PC Hao Zeng, Courtesy The Purple Agency

This Choreographer Gets Beyoncé in Formation

They say your life can change in a moment. For JaQuel Knight, it took precisely three minutes and 18 seconds. That's how long three leotard-and-high-heel-clad women spent on-screen, strutting in perfect unison and becoming an instant video sensation, one that would go on to garner more than 600 million views on YouTube.


The women, of course, were Ashley Everett and Ebony Williams—and Beyoncé. The video was "Single Ladies (Put a Ring on It)," and the co-choreographer was 19-year-old Knight, along with Frank Gatson Jr. "I went into that hoping it could be the gig of a lifetime," Knight says. "I knew it was my one big chance—'Don't screw it up,' I kept telling myself. I guess I played my cards right." Now, nearly 10 years later, Knight is one of the most sought-after choreographers in L.A.

That wasn't the plan, though: Knight, who grew up in Atlanta, hoped to become a professional dancer. He learned to move by watching TLC and MC Hammer videos, and started taking classes at 14. By 18, Knight had begun auditioning in L.A., where Gatson, Beyoncé's longtime choreographer and creative director, spotted him. Although he didn't get the dance role, Gatson liked the way he moved and asked Knight to come up with some choreography. They worked together on a Michelle Williams gig, and a few months later Gatson called and said he had a job with Beyoncé that he wanted Knight for immediately. "If Bey likes you, you'll stay. If not, we'll figure something else out for you," said Gatson. Knight flew to New York City that night—and Bey liked him, so he stayed.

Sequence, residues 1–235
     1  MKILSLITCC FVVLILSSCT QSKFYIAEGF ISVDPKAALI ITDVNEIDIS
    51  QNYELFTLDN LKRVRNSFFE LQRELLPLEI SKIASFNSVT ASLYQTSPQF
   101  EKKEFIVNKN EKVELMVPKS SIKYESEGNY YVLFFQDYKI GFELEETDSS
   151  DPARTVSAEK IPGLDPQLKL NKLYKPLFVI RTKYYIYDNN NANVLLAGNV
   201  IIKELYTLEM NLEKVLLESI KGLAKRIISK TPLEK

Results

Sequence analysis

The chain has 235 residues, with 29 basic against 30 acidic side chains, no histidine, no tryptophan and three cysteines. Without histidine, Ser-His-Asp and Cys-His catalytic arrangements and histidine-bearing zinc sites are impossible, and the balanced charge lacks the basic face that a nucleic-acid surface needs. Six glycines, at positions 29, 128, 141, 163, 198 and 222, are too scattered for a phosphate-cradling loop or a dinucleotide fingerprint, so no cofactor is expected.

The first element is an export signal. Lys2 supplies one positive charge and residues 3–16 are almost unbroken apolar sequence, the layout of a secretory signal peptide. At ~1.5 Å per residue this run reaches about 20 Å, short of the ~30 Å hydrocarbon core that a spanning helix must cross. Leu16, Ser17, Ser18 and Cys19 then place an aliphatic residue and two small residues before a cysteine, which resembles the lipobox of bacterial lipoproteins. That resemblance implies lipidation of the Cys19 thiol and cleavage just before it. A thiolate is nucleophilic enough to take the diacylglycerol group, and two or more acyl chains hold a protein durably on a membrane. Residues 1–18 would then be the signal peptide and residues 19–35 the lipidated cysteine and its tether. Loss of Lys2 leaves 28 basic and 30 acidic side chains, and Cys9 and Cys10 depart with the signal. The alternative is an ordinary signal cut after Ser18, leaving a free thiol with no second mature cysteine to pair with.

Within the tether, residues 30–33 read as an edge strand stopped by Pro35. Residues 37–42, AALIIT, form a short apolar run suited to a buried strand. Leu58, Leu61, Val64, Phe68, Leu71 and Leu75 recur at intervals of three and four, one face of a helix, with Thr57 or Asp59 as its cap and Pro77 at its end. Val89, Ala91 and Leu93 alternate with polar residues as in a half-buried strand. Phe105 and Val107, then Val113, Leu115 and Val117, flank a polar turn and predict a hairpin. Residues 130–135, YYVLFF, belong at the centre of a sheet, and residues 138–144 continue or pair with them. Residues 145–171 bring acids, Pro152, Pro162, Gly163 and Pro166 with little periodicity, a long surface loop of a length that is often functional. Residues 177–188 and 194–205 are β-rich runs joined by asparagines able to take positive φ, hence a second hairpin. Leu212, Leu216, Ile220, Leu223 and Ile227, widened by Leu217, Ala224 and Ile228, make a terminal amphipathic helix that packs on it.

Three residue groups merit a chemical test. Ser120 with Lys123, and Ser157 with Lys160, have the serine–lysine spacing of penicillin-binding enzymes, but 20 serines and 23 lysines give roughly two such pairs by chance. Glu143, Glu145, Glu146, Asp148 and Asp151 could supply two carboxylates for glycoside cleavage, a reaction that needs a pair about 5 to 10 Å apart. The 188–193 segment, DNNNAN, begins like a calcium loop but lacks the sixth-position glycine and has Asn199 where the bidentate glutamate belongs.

After "Single Ladies," Knight was a choreographer for Beyoncé's I Am…, The Mrs. Carter Show and Formation world tours, plus many of her music videos, including her 2016 Lemonade visual album. "She knows what she wants to do and how she wants to present herself," he says. "We do our very best to make sure that vision happens for her."

If Beyoncé and her dancers always look perfectly polished onstage, that's thanks in part to the star's desire to "always get it right," says Knight. "Our rehearsals are super-intense," he says. "We're very hard on the dancers because we have such a high bar to maintain. And when Beyoncé comes in the room, the dynamic doesn't change much. She doesn't come in like, 'Okay, The Queen is here!' She's just hoppin' in with the dancers."

So what's next for Knight? He's interested in developing movie screenplays and television shows. "I want to bring back those big musicals—Sweet Charity, Chicago, West Side Story," he says. "And my first script is on its way!" He also wants to give fans a behind-the-scenes look at Beyoncé's dancers—and what it's like working with the world's biggest superstar. But even when Beyoncé is on hiatus, Knight isn't. "Downtime is just time thinking of the master plan."

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Courtesy Schelfhaudt

These Retired Ballroom Dancers Started a Dance-Themed Coffee Company

Like many dancers, when Lauren Schelfhaudt and Jean Paul retired from professional ballroom dancing in 2016, they felt lost. "There was this huge void," says Schelfhaudt.

But after over 20 years of dancing, plus United States and World Championship titles, reality shows, and high-profile choreography gigs (and Paul's special claim to fame, as "the guy who makes Bradley Cooper look bad" in Silver Linings Playbook), teaching just didn't fill the void. "I got to the point where it wasn't giving me that creative outlet," says Paul.

When the pair (who are life and business partners but were never dance partners—they competed against one another) took a post-retirement trip to Costa Rica, they were ready to restart their lives. They found inspiration in an expected place: A visit to a coffee farm.

Though they had no experience in coffee roasting or business, they began building their own coffee company. In 2018, the duo officially launched Dancing Ox Coffee Roasters, where they create dance-inspired blends out of their headquarters in Belmont, North Carolina.

We talked to Schelfhaudt and Paul about how their dance background makes them better coffee roasters, and why coffee is an art form all its own:

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